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ARTFUL BALANCE Future US Defense Strategy and Force Posture in the Gulfits neighbors. Irans nuclear future is the most critical variable in determining the evolution of US plans in the Gulf. The ideal scenario for the United States and the regionone that would require no fundamental change in US defense strategy, and less significant, albeit still important, adjustments to US force posture32is a final agreement with Iran that verifiably curtails its nuclear program and stops it from acquiring the capability to build a nuclear bomb quickly.US defense strategy in this scenario would still center on prevention, but the mission would be aided considerably by a nuclear deal that makes it very difficult for Iran to cheat without getting caught and punished. Even if Iran were to violate the agreement, it would no longer be capable of rushing to build a bomb, because of the technical restraints such a deal would presumably impose on its nuclear program. In the event Iran did violate such an accord, the US force posture in the Gulfcombined with expeditionary capabilities that could be deployed to the regionis sufficiently robust to let Washington credibly threaten Iran militarily and, if necessary, conduct punitive strikes to enforce Iranian compliance. Should things escalate and lead to a wider war, the United States would have sufficient time to bring in reinforcements from dozens of locations globally. But the odds of reaching a permanent nuclear deal with Iran are only fifty-fifty, as Obama has stated. The failure of the two sides to solve the nuclear crisis stems from several factors, including technical difficulties, continuing mistrust, and domestic political obstacles in Tehran, Washington, and other Western capitals. Regardless of the reasons, should Iran acquire nuclear weapons,33 the United States would have to completely revamp its regional plans and develop a much more assertive, multi-layered containment strategy. Carrying out a comprehensive attack against a nuclear-armed Iranwith the aim of physically destroying its nuclear program, crushing its military, and possibly decapitating its political leadershipis not unthinkable.34 But it is clear that the risks of such an operation would be extraordinarily high. Iran would initially possess a relatively small nuclear arsenal and would have no 32 Matthew Kroenig and Barry Pavel, A Nuclear Deal with Iran: The Proliferation Challenge, National Interest, July 1, 2014, http://nationalinterest.org/feature/nuclear-deal-iran-the-proliferation-challenge-10794. 33 Other scenarios could materialize as well. Iran and the P5+1 could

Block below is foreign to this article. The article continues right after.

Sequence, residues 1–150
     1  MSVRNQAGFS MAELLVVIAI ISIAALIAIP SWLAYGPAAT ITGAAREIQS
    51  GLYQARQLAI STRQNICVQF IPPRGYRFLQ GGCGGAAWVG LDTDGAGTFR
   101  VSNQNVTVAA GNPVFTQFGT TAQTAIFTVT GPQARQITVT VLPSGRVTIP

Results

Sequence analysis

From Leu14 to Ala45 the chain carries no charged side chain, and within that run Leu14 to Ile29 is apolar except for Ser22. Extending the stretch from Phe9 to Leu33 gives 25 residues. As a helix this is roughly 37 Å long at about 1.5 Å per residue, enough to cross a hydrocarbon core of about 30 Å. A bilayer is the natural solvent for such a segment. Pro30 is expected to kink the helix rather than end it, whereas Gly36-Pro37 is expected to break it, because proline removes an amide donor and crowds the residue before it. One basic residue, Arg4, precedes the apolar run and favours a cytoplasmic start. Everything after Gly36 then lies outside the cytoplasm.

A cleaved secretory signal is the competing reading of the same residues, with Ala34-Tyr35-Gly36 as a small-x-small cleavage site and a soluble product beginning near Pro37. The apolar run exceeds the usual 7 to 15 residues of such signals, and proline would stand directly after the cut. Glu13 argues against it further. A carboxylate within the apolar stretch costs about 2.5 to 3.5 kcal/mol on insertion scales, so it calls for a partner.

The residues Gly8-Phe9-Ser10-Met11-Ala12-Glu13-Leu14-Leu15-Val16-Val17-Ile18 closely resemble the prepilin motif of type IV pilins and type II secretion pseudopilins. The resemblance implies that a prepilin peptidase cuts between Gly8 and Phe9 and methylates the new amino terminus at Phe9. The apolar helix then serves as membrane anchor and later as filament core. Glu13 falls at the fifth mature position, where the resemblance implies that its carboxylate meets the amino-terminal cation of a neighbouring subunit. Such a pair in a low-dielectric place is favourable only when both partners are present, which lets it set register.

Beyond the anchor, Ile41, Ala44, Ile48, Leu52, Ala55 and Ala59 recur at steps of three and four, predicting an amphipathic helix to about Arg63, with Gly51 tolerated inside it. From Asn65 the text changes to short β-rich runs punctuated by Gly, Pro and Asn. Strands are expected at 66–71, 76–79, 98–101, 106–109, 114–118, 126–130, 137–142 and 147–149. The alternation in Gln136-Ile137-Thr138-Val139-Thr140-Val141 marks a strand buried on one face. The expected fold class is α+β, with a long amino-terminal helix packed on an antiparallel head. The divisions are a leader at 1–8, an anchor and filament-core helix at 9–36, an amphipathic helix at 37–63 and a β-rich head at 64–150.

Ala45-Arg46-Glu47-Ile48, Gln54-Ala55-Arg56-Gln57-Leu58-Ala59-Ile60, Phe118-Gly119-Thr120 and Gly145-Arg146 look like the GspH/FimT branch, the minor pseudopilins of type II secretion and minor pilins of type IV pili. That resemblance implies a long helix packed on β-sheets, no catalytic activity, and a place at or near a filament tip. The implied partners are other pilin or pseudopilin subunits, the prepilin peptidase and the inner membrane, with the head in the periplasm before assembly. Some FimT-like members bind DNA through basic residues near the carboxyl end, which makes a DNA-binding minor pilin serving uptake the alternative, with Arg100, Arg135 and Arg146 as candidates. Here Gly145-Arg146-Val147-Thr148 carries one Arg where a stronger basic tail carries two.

fail to reach a final agreement, and the talks could drag on for a few more months (as they currently have), during which Iran could: 1) continue to negotiate in good faith and refrain from crossing any nuclear red lines, or 2) continue to negotiate while also advancing its nuclear program secretly.34 Bilal Y. Saab, No Hotline to Tehran, National Interest, February 10, 2012, http://nationalinterest.org/commentary/no-hotline-tehran-6489.